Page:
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For example, tool life can be longer with MQL than with either of the other choices. The lubricity of the oil that is applied in small quantities in MQL is greater than that of high-volume, water-based flood coolant. The same lubricity also facilitates chip clearance because a chip soaked in coolant can acquire both added weight and adhesion that make it more difficult to clear away.
But MQL also poses challenges, and one of these is the extent to which the lubricant has to accurately hit the tool.
MQL is also called “near-dry machining.” It applies cutting fluid in ounces instead of gallons, replacing flood coolant with atomized droplets of oil (usually vegetable-based). With properly equipped spindle and tooling, this oil can be delivered right through the tool. However, the more basic approach to MQL is to deliver the lubricant through external nozzles—in which case the aim of these nozzles becomes paramount. While flood coolant can hit the tool within an inch, the margin of error for MQL is more like a millimeter, says Chris Haugen, a sales manager for lubricant supplier ITW Rocol. If the flow of microdroplets misses, then machining near-dry turns into just plain machining dry.
ITW Rocol’s Accu-Lube products include a compact, positive-displacement pump system for adding MQL to an existing machining center. Mr. Haugen currently sees the most use of this system in mold and die shops. The system works well in these shops because of the need to keep nozzles accurately pointed. Die/mold machine tools are likely to be manned—so an operator is available to move the nozzle if needed—and tool changes are infrequent, meaning the nozzle that does get moved by hand can be left in place through the course of a long cut.
However, near-dry machining can work with practically any workpiece material, and it works particularly well with modern carbide cutting tools. Mr. Haugen says there is no particular reason for it to be closely associated with die/mold machining. The benefits of add-on MQL could expand to a broader range of applications if only machine tools had better and more reliable nozzle aim. For this reason, the company recently partnered with programmable nozzle developer SpiderCool to deliver Accu-Lube MQL together with the SpiderCool nozzle system as part of a single installation.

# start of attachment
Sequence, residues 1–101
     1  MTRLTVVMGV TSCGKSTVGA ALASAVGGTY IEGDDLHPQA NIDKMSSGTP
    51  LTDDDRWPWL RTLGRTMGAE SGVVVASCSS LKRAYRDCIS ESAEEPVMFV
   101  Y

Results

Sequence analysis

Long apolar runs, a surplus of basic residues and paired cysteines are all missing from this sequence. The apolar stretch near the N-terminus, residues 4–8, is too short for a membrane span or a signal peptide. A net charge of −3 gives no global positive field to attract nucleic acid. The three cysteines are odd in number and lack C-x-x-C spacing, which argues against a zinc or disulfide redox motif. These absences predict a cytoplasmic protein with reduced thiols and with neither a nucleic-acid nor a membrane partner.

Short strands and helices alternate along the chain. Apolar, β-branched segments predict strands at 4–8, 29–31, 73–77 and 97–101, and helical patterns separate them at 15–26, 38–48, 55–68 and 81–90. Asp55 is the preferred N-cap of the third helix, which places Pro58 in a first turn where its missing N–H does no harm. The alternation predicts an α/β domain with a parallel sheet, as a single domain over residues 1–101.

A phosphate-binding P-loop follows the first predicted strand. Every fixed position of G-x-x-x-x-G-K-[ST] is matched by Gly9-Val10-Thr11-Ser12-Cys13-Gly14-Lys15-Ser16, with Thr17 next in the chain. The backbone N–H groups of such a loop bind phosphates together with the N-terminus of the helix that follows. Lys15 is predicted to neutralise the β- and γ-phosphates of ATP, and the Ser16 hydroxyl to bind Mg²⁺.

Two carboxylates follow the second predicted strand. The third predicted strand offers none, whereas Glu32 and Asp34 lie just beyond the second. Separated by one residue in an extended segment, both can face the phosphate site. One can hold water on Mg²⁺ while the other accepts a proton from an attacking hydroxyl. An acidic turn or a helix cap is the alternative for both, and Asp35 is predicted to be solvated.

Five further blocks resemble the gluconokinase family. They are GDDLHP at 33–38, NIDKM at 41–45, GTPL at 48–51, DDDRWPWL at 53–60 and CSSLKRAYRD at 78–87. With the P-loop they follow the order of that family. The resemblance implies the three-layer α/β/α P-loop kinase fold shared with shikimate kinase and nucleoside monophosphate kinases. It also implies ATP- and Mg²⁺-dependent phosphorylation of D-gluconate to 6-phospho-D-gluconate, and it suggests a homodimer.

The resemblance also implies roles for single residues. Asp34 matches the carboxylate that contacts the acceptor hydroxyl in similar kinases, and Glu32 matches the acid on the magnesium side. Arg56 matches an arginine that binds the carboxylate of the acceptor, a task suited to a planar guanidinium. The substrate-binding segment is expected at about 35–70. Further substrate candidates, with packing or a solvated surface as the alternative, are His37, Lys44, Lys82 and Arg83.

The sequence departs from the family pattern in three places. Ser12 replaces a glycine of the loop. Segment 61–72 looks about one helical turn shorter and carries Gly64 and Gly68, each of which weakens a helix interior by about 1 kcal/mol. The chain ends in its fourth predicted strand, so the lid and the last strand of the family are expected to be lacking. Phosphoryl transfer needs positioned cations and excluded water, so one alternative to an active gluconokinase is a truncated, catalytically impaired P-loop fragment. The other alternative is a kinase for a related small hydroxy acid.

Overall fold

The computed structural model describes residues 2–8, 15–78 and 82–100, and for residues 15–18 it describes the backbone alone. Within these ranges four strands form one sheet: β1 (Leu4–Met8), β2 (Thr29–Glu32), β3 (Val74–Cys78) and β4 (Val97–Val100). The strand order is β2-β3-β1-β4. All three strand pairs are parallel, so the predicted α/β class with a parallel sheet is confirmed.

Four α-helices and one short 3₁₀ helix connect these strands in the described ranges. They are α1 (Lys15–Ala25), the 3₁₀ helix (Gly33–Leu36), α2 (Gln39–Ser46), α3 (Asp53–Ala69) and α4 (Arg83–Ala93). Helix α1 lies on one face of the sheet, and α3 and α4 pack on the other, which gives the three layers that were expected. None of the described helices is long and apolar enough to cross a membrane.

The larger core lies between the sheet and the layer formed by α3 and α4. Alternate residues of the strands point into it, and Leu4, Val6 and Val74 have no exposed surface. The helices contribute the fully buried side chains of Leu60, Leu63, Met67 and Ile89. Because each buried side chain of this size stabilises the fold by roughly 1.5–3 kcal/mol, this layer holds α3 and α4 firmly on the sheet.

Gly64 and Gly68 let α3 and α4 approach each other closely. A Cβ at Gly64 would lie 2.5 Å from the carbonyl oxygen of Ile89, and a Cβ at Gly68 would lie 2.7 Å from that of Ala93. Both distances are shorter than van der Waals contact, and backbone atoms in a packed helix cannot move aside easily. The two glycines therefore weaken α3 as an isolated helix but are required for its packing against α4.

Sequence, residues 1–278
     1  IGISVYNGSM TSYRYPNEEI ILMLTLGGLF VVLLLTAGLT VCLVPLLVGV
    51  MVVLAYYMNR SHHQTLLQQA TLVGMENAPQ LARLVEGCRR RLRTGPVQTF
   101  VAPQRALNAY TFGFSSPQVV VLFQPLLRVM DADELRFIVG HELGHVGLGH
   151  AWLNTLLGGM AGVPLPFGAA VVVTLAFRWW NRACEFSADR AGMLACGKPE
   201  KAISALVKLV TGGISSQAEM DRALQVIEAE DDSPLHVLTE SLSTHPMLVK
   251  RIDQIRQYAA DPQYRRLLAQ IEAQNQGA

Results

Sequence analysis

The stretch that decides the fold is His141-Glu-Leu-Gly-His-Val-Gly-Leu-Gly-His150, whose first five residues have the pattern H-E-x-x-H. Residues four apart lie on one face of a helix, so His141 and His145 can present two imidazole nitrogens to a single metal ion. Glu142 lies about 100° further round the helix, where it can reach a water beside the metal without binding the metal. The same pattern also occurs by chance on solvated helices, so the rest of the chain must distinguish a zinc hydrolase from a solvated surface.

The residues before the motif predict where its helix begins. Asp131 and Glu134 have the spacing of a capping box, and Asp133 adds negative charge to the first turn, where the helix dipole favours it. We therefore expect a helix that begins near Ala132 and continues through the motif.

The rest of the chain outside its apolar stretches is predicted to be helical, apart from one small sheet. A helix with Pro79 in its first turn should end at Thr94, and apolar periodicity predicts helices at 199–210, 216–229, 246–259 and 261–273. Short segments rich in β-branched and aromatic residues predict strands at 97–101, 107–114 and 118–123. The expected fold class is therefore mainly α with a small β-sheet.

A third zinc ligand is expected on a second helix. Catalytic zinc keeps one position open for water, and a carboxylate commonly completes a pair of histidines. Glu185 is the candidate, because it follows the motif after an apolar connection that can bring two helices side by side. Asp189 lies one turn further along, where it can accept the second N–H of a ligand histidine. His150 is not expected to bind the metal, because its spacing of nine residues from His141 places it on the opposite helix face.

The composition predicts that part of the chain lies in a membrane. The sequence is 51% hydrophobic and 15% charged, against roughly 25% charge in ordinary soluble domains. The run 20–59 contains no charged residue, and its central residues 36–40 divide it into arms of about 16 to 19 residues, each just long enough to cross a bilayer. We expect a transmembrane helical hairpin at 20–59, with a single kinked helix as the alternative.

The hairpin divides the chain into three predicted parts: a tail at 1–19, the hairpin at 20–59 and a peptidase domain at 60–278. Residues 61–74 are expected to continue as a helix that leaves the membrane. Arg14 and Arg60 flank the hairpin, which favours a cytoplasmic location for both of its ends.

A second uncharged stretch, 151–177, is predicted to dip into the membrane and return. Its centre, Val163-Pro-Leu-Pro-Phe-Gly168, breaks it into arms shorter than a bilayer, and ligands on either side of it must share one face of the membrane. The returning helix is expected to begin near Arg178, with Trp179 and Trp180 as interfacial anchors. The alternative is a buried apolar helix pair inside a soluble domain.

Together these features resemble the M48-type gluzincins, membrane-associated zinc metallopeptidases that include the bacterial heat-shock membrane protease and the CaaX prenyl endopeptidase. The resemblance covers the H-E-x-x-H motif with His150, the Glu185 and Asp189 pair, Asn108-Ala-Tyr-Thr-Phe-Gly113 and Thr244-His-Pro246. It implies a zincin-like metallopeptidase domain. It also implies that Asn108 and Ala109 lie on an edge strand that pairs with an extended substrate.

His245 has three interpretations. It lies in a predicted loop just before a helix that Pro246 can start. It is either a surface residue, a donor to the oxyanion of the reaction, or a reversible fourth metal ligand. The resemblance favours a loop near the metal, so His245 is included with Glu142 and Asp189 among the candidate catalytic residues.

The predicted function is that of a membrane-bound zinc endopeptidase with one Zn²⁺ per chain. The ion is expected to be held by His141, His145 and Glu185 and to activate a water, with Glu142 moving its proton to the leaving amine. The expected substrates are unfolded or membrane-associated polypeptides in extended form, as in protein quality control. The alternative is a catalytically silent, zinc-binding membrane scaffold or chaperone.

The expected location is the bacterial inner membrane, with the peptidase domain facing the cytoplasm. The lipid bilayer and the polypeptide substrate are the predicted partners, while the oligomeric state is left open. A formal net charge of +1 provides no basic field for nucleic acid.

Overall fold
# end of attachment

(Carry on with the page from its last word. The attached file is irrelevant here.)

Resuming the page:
SpiderCool uses servo control for nozzle positioning. When a tool is used for the first time, the operator adjusts the nozzle position using a tuning knob. A beam of light indicates where the nozzle aims. Once the proper targeting is found, the system remembers that tool’s pocket number so it can return the nozzle to that position automatically each time the tool is loaded. While the system is often applied to flood coolant, near-dry machining can become practically hands-free when it is applied to MQL, says Mr. Haugen. Nozzle aim no longer has to be watched or adjusted during the cycle. In fact, thanks to the servo control, the system can be used to give the nozzle a slight oscillation—flicking the slick, lubricated chips out of the way of the cut.
Perhaps surprisingly, Mr. Haugen says it is not the greater tool life or reduced fluid costs that he sees most shops pursue. These savings can be hard to quantify in advance if the shop has no prior MQL experience. Instead, the typical user simply prefers to run clean.
This cleanliness is the main motive for MQL, he says. Lighter use of cutting fluid results in both a cleaner machine and a cleaner shop (even a better-smelling shop at that). The value of this cleanliness in terms of both customer impression and employee morale may be even more difficult to quantify than the tool and coolant savings. However, the value is real, and it seems to be the most significant return on investment that shops are seeking through near-dry machining.
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